The United Kingdom will not lower food standards to secure a post-Brexit trade deal with the United States, the government says.
The announcement comes after Washington published its objectives for a US-UK trade pact.
The US wants "comprehensive market access" for its farmers' products that would see more US-made food on British supermarket shelves.
European Union rules currently limit US exports of certain food products, including chlorine-washed chicken and hormone-boosted beef.
If free of EU trade rules, the US wants the UK to remove such so-called "sanitary and physiosanitary" standards on imported goods.
A Downing Street spokeswoman said: "We have always been very clear that we will not lower our food standards as part of a future trading agreement."
America's National Farmers Union has always maintained that its chicken and beef, which uses processes banned by the EU, is "perfectly safe" and argues there has been a lot of "fear-mongering".
However, its British counterpart, the National Farmers Union, said the UK government should not accept an American deal "which allows food to be imported into this country produced in ways which would be illegal here".
Amy Mount from Greener UK, an environmental lobby group, said: "This wish-list shows that a hard-Brexit pivot away from the EU in favour of the US would mean pressure to scrap important protections for our environment and food quality.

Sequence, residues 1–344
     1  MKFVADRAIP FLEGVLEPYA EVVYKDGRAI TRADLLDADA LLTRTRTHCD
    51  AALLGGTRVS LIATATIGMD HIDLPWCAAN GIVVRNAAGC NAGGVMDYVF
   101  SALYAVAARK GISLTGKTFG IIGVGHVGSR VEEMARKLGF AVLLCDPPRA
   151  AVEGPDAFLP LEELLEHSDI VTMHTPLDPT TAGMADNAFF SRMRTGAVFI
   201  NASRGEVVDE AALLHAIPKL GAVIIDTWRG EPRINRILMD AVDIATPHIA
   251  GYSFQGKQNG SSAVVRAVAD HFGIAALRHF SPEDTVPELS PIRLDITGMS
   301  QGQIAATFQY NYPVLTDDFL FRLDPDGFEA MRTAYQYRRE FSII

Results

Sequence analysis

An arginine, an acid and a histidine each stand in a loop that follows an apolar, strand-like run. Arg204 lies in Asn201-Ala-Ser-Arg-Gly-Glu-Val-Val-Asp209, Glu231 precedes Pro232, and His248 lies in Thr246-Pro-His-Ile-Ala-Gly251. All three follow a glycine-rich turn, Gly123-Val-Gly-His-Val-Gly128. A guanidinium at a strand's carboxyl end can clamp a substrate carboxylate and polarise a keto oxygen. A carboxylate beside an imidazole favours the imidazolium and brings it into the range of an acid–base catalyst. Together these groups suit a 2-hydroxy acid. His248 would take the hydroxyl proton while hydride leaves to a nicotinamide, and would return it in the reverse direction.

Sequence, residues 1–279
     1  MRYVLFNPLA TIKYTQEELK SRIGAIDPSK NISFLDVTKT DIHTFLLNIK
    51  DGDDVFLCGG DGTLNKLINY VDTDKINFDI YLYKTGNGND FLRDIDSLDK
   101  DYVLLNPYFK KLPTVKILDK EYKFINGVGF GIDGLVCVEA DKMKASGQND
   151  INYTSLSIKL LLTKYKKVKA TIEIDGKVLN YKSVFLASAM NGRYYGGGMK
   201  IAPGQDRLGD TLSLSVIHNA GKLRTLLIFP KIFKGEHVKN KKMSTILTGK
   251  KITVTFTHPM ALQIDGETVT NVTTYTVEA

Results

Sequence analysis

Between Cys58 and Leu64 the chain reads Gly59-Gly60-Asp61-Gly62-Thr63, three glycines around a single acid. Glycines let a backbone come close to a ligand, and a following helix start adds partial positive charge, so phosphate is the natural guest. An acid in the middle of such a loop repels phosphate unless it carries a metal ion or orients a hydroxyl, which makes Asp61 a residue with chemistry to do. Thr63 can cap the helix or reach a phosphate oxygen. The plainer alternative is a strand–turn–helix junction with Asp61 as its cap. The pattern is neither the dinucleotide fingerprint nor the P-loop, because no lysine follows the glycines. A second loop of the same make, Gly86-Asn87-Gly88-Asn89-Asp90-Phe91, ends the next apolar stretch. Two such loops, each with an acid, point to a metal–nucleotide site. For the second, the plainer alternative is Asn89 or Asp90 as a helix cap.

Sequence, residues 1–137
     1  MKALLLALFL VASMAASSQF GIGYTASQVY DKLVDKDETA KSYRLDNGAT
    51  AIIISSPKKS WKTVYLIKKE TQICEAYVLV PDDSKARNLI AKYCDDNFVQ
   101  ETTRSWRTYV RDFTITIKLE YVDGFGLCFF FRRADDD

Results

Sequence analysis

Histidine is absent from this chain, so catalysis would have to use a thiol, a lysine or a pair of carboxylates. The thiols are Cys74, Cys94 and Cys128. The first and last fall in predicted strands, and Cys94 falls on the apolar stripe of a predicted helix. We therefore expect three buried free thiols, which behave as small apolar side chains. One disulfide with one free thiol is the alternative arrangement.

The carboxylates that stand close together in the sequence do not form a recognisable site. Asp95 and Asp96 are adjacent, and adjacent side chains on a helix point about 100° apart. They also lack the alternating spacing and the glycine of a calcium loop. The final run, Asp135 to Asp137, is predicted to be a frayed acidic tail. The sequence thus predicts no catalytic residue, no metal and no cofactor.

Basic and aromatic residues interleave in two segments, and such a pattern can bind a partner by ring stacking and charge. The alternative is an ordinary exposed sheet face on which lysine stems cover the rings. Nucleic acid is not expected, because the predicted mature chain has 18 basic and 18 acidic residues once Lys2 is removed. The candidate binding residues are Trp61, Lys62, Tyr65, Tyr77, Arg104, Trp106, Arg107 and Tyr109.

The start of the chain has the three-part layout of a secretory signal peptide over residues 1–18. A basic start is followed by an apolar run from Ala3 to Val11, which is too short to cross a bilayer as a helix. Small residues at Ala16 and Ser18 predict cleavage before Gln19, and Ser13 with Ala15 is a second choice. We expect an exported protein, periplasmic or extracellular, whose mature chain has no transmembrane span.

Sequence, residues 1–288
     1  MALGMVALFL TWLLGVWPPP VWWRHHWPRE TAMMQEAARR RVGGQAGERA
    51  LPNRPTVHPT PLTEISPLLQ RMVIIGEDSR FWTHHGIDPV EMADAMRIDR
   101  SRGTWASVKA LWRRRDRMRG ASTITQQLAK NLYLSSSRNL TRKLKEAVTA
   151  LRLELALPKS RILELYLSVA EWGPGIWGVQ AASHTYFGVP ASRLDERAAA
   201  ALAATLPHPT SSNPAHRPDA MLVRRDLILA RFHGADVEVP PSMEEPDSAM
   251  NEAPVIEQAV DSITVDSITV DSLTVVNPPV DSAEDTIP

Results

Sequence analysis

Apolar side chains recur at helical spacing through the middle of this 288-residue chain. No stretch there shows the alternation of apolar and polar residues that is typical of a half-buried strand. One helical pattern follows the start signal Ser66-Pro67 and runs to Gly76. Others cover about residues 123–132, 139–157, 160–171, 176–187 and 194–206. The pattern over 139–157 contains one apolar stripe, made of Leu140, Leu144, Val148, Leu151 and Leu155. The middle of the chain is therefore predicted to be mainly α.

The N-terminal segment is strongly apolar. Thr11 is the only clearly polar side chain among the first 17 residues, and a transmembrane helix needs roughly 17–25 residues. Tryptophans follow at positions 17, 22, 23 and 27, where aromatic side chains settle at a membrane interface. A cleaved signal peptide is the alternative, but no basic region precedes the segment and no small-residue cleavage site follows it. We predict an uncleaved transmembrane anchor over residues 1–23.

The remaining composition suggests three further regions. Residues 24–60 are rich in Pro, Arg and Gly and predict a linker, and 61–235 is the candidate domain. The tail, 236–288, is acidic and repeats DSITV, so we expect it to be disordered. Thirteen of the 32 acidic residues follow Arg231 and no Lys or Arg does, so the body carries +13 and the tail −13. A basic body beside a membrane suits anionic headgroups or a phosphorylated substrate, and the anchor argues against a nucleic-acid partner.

"Any future trade deals should reflect the high standards that the UK public both wants and expects."
The 18-page negotiating stance from Washington also demands that the pound should not be "manipulated" to improve trade income or make UK products cheaper in the US.
US President Donald Trump has previously been outspoken about China "unfairly" using its currency to improve its trade balance - arguing that it keeps the yuan artificially low to make its goods cheaper to sell abroad.
His team has included similar demands in its trade negotiations with Japan.
Another demand from President Trump's negotiators is for the UK's National Health System to not "discriminate" against US pharmaceuticals and medical devices when purchasing goods and services.
The negotiating objectives, published by the office of US trade representative Robert Lighthizer, are only an initial move in what may be lengthy negotiations between Washington and London.
The US-UK trade relationship is currently worth £173 billion ($NZ336bn) annually.